I guess the important thing is to recognise that fact and understand it, which if I am honest is bloomin’ hard when you are embracing your new family and moving on and your child cannot express or probably even understand how they are feeling. It’s hard to see that your outwardly happy, seemingly settled child is probably inwardly anxious and to remember that they have felt loss that we for the most part would barely even begin to comprehend. So our wonderful, spirited little fighters are hard wired for self preservation from an early age.
I do believe that a lot of us go into adoption with an certain amount of naivety, me included, both times. Yes, it is joyful to finally make your family complete but it is not a bed of roses or a fairytale ending and it’s as well to recognise that from the start. I am not trying to be all doom and gloom or a naysayer, I love my family to bits but it is hard to adjust your life and come to terms with the fact they are sort of different from other children, that their young, tender hearts are already bruised from loss and trauma. It’s hard not to constantly be analysing their every move, is that an adoption behaviour or quite normal?
Both of my children have issues and both of them had completely different experiences of foster care. Yes they were both placed from birth, yes they were both with one foster carer throughout. One was cared for adequately and the other was not. One struggles with attachment, the other struggles with separation anxiety. Apart and with individual and constant attention they are both lovely children. Together, whew. Word’s can’t describe!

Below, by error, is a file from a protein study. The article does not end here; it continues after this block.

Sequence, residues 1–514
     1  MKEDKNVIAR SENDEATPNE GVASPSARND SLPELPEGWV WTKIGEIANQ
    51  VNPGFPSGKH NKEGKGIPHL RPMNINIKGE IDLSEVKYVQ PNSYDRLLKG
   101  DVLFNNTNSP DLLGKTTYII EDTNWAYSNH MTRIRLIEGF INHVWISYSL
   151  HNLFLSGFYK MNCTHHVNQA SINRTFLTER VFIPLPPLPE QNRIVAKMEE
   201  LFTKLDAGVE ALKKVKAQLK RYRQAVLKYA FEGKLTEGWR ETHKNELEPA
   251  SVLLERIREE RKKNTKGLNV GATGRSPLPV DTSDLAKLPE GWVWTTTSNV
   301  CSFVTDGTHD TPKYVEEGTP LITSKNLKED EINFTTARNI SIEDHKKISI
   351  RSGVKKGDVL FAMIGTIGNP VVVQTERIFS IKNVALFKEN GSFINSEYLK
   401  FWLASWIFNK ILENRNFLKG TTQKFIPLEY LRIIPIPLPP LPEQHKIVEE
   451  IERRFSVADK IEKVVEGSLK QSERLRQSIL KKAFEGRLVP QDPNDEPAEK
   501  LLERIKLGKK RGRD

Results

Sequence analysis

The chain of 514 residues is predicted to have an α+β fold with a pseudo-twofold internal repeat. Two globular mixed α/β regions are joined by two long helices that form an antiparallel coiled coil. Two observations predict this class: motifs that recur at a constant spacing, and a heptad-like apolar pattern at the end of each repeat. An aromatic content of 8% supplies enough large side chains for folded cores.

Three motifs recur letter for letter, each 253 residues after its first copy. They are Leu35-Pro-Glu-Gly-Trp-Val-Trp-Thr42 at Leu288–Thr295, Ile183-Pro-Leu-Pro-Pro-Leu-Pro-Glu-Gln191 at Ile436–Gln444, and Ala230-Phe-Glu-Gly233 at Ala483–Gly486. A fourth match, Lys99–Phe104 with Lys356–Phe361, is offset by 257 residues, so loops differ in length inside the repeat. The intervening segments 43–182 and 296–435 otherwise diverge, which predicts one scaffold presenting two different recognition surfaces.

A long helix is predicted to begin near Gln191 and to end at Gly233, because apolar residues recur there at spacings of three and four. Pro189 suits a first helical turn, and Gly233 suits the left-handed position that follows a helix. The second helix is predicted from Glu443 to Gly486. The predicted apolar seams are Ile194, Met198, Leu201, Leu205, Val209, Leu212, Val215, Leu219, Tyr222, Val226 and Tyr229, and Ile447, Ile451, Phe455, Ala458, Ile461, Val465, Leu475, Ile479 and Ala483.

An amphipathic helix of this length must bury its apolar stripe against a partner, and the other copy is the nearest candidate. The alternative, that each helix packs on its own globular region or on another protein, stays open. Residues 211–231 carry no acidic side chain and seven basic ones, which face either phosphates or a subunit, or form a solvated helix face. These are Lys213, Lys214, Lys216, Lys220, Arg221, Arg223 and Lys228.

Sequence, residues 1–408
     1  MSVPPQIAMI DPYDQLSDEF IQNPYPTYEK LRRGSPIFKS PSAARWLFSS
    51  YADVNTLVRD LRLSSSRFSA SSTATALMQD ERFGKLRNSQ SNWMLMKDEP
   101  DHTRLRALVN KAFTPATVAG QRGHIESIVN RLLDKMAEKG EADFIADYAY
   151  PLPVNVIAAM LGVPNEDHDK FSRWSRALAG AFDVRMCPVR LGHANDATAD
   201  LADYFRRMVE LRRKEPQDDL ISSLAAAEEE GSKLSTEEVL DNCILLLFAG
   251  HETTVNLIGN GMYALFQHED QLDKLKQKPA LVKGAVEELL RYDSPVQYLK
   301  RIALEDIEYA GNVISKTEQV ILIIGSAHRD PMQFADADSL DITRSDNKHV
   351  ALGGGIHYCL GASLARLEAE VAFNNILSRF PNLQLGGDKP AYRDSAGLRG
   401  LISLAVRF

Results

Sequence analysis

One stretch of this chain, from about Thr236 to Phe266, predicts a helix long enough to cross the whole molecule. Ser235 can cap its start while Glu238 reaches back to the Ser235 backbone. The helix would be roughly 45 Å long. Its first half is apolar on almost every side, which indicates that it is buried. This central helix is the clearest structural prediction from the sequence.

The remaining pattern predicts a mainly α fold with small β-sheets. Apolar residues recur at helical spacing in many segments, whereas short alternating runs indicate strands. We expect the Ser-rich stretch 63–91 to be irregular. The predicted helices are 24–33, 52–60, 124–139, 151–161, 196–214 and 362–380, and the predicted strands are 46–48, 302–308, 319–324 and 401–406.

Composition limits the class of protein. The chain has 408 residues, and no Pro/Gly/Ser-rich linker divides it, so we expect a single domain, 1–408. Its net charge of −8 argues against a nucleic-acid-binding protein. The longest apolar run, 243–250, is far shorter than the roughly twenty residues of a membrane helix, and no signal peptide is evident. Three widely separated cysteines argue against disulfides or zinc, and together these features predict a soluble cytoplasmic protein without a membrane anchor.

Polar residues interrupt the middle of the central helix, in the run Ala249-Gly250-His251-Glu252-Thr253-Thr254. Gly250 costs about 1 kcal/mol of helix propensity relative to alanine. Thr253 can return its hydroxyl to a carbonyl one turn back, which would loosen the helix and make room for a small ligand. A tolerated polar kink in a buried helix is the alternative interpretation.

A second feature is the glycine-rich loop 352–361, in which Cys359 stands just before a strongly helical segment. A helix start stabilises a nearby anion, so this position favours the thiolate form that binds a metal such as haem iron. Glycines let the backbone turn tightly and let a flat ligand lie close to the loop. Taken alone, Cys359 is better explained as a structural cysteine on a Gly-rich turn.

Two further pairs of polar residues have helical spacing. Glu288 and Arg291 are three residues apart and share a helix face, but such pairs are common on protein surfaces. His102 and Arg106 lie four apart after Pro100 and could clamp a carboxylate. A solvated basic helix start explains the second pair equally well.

To be honest we are struggling to know what to do for the best at the moment, Girl is struggling with everything and the family is taking the impact. There is no easy solution with two children, we are just muddling through the best we can and hoping that we do a job of raising our children that is ‘good enough’. I am long past striving to be perfect!
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- Natyjoco on Executive Functioning and Adopted Children, Can’t Do or Won’t Do?
- AdoptiveMummy on Exposure to Life
- nh on Exposure to Life
- AdoptiveMummy on Executive Functioning and Adopted Children, Can’t Do or Won’t Do?
- Natyjoco on Executive Functioning and Adopted Children, Can’t Do or Won’t Do?